Sad to say, a creature that has lived in the Pacific Ocean off Costa Rica for 150 million years is severly threatened. And all it took was humans.
Sea turtles have become so scarce that the Leatherback Sea Turtle National Park and a related museum in Playa Grande are both defunct, for all practical (and tourist) purposes.
What happened? Beach development, drift net fishing and Costa Ricans' custom of eating turtle eggs, that's what happened. However, climate change is the overarching reason. It has caused rising seas, more violent storm surges and slow increases in beach temperature (which can result in all-female populations -- obviously a problem.)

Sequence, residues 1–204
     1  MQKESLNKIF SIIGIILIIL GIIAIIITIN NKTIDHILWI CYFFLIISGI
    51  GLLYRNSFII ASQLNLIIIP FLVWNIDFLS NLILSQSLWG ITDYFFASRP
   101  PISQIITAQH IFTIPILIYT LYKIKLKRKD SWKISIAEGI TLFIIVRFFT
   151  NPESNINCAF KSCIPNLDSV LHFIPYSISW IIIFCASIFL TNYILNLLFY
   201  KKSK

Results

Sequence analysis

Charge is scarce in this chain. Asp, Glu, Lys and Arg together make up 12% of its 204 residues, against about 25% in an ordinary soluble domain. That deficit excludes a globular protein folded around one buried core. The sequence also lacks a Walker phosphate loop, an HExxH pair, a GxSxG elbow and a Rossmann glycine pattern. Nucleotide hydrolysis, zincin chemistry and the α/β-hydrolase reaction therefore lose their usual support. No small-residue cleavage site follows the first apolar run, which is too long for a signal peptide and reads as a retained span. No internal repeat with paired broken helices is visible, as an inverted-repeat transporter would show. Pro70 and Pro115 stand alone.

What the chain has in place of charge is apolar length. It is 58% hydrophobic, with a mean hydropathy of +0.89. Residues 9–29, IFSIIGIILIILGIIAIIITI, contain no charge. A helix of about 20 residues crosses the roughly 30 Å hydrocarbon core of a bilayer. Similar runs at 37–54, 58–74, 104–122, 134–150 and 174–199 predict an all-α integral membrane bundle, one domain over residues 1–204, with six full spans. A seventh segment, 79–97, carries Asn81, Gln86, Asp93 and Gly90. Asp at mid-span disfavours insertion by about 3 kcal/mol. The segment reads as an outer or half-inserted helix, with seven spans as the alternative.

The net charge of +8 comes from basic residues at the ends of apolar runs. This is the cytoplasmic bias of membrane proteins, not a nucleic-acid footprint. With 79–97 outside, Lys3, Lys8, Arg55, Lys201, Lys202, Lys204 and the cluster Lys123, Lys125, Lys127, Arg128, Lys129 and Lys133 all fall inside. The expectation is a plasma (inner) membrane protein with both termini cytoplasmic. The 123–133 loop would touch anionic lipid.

Heroic efforts are being made to artifically cool turtle nests and protect coastal property from development so turtles have a place to nest as the sea rises. But the back of the beach is already fillled with hotels, restaurants and planted trees, giving the sand no place to go. "Turtles will have to find their way between the tennis courts and swimming pools," as one person observed.
The ultimate irony: many of those who enjoy slurping turtle eggs in bars from a shot glass . . . have never seen a turtle.